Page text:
According to the RCID’s annual financial report for 2021, it carries a debt of nearly $1 billion. As required by Florida law, all that debt would be assumed by Orange and Osceola counties.
“So this is not supposition, this is not conjecture, this is Florida law that says those 1.7 million people are going to have to pick up this bill,” Senate Minority Leader Gary Farmer (D) said.
According to Farmer’s assessments, each family in Orange and Osceola counties would likely pay upwards of $2,200 if the counties assumed the debt.
Taxpayers would also become responsible for items Disney currently pays for, like road improvements and other mandatory public services. Battles between taxpayers and county governments would become more likely, like the outrage seen when Orange County approved a controversial $125 million road deal with Orlando’s Universal Studios.
“If they take Reedy Creek away, that responsibility is going to go to a government,” state Sen. Linda Stewart (D) told the Orlando Sentinel. “And the government’s not going to get reimbursed for what they have to pick up and take care of.”
Orange County Comptroller Phil Diamond told Florida’s News 6 that they were monitoring the situation because it would have a “very big impact” on taxpayers.
DeSantis said that Disney “alienated a lot of people” as a result of its opposition to the so-called Don’t Say Gay law, after Disney CEO Bob Chapek announced the company would pause political donations.
Chapek received backlash from his employees for not immediately criticizing the bill when it was first introduced, with some staging walkouts.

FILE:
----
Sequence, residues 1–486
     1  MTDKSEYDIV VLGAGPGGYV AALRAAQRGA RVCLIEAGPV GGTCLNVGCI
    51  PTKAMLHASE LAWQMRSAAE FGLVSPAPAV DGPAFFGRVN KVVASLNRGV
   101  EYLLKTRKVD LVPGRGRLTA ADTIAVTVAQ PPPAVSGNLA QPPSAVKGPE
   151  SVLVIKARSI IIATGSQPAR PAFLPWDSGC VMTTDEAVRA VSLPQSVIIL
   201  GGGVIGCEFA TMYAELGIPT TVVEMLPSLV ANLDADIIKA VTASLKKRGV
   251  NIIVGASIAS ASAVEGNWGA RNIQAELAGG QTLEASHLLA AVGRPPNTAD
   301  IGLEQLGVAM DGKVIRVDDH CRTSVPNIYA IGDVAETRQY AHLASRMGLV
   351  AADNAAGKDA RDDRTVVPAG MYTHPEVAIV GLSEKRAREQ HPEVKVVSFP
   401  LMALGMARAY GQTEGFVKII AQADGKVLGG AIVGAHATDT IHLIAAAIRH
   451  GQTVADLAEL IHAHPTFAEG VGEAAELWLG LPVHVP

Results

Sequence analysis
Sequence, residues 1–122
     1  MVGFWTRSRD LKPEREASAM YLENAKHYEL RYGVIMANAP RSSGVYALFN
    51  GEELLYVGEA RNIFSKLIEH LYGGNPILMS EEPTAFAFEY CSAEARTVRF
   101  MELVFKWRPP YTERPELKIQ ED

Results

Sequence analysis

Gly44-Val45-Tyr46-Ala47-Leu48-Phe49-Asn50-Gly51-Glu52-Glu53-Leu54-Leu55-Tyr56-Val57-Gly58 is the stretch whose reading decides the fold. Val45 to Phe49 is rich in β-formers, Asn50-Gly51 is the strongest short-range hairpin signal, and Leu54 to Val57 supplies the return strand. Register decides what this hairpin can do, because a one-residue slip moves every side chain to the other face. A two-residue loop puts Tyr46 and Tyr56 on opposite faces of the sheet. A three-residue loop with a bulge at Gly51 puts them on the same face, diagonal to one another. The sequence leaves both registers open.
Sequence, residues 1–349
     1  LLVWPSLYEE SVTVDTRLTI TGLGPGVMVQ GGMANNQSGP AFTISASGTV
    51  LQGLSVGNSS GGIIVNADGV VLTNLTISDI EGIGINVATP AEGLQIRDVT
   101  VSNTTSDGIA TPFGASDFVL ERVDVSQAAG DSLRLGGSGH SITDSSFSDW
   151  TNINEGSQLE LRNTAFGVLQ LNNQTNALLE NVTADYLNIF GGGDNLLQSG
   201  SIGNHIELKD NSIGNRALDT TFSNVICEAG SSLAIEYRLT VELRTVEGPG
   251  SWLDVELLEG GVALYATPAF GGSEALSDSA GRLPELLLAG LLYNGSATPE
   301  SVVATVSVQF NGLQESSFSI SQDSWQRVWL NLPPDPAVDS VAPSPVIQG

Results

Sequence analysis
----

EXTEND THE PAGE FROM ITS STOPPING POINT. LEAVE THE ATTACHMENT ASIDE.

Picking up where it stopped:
“It is clear that this is not just an issue about a bill in Florida, but instead yet another challenge to basic human rights. You needed me to be a stronger ally in the fight for equal rights and I let you down,” Chapek said. “I am sorry.”
Besides the battle between Chapek and DeSantis, Democratic state Rep. Grieco accused Republicans of doing this now because they are trying to distract from the criticism of the newly drawn congressional map.
DeSantis initially called for the special legislative session to approve his congressional map — passed by the Senate Wednesday — which has been denounced by Black lawmakers for being “overtly racist” since it would reduce the number of districts where Black voters are a plurality.
“They are blatantly attempting to eliminate two or more Black representative districts,” Grieco said. “They were catching so much crap for it, annihilated, so — these guys are not stupid — it is deflection.”
But Republicans are defending the measure as one to stand up to Disney’s “wokeness.”
“Look, there’s policy disputes, and that’s fine,” DeSantis said on Fox News. “But when you’re trying to impose a woke ideology on our state, we view that as a significant threat.”
“Shamefully, Disney betrayed us, and the corporation that Walt Disney started — which was a beacon of family values — has now been perverted by a woke mob of liberal extremists into a laboratory of gender identity social experimentation,” state Rep. Jackie Toledo (R) said.
But Aaron Goldberg, a Disney historian and author, doesn’t think Republicans’ criticism of Disney will stop people from going, including those who agree with the “Don’t Say Gay” law.
“Think about your average run-of-the-mill family — Walt Disney World and Disneyland is a rite of passage,” Goldberg said. “I really do think Disney is the biggest purveyor of nostalgia in the world and that’s how they suck you into it.”
The Hill reached out to Disney’s legal team for additional comments.
—Updated 4:03 p.m.